Above all, the health worker, as a professional, is not an artist like Paul Klee. S/he can even be an artist in the sense that we are all artists because we are inserted in the production of our own lives as a work of art, as Foucault would argue, but it is only in this dimension.

Unlike the artist Klee, the health worker, as a professional, is an instituted being that can, based on her/himself, create, in the encounter with the others, new territories of existences that may even not belong to the field of health anymore. But health workers are not able, when they preserve this field as something imperative for themselves, to create themselves as if they did not belong to this place, including that of the profession, which has very well-defined forces for its constitution as a field of knowledge and practices, and machine-of-state.

Ricardo’s bet confused me, resulting in this concern. He tries to convey a certain notion that the movements of modifications, to invent something new, lie more in the level of certain individualities than in the field of the collective intermediations of enunciation and production of desire. A field of devices that are neither from the world of reason nor instruments operating in the world of certain wants, as if someone’s awareness-raising, based on a cognitive production, can effectively institute something that deterritorializes their own action, already delimited.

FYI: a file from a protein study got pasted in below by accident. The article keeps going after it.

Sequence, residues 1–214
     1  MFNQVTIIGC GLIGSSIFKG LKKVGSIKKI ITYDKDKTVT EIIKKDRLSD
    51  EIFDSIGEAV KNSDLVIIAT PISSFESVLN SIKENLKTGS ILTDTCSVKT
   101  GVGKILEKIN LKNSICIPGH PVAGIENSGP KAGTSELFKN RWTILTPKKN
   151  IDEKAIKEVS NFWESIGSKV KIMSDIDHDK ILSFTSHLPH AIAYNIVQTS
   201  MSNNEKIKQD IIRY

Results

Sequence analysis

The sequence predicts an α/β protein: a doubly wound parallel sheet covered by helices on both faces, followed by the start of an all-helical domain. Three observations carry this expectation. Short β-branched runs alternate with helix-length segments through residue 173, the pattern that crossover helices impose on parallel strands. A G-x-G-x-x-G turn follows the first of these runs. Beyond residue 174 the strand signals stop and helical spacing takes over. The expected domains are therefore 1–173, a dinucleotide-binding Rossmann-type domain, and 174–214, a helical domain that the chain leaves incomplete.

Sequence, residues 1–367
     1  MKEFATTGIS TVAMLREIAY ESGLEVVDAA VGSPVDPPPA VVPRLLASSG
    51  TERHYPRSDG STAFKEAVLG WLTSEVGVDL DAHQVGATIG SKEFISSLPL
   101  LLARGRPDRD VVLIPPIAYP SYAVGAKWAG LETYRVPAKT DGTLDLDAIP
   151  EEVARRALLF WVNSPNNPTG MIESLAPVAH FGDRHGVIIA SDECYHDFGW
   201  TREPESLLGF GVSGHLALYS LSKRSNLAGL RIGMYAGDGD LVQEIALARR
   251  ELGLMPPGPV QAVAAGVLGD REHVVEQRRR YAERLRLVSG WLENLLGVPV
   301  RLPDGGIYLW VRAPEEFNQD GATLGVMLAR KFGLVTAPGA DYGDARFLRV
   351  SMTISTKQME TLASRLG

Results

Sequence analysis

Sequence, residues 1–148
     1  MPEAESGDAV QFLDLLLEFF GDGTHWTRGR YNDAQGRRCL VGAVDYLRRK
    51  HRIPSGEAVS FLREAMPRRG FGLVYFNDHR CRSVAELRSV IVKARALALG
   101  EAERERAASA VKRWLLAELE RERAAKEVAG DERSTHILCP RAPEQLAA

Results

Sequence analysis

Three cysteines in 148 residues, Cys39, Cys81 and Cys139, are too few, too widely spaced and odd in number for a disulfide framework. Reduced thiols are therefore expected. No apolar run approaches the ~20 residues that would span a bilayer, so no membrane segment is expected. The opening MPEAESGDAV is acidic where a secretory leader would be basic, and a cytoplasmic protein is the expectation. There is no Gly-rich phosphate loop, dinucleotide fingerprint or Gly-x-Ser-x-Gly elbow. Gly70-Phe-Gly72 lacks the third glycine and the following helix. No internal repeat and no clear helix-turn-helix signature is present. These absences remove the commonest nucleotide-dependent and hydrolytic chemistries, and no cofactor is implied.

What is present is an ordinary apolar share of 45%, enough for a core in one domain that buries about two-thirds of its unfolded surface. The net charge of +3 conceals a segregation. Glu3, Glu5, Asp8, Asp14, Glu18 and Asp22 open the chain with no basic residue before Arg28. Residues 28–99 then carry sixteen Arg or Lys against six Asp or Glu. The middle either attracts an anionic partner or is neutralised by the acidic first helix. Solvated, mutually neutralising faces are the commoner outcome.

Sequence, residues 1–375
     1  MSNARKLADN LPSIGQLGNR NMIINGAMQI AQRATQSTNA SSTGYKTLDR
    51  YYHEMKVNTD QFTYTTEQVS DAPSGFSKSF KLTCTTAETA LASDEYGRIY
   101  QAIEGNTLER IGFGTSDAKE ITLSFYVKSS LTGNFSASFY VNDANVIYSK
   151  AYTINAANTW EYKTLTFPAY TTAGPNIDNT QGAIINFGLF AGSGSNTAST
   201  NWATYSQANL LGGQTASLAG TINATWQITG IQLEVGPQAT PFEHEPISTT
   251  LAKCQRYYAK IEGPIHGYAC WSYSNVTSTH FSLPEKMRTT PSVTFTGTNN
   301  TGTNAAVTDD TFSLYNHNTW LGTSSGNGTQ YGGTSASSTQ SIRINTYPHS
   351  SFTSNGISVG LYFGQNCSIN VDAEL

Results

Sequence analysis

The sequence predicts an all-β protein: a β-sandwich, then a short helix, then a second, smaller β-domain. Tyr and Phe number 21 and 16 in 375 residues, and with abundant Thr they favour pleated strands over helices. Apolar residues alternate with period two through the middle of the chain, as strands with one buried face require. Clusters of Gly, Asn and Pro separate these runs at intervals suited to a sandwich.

Only the presence of the other11. Foucault M. A hermenêutica do sujeito. 2a. ed. São Paulo: Martins Fontes; 2006. in the micropolitical intensivities inscribed there can open a line of flight in what is already instituted as a well-defined field of action in health.

I may not have understood the author’s formulation about this, but I see a very relevant importance, in his proposal, of the category of the individual and their wills of doing differently. I would like to know more about it.


In spite of these issues, the strength of some passages remains, even though it still makes an alliance with conscience, such as: “This is an essential place for permanent education in the area of health due to a connection with the rhythm of work and to the non-segregation between the space of education and the space of work. However, low familiarity with this potency hinders its appropriation in the daily routine of the practices.”

“‘Form is the end, death. Education is life’. Education is movement, action. The artist says ‘do not think of form but of formation: the form-giving forces are more important than the final forms’. This is the ethical condition for permanent education in health and, I propose, for interprofessional education.”


  • 1
    Foucault M. A hermenêutica do sujeito. 2a. ed. São Paulo: Martins Fontes; 2006.

  • Translator: Carolina Siqueira Muniz Ventura

Publication Dates

  • Publication in this collection


  • Received
    20 Aug 2018
  • Accepted
    30 Aug 2018
UNESP Botucatu - SP - Brazil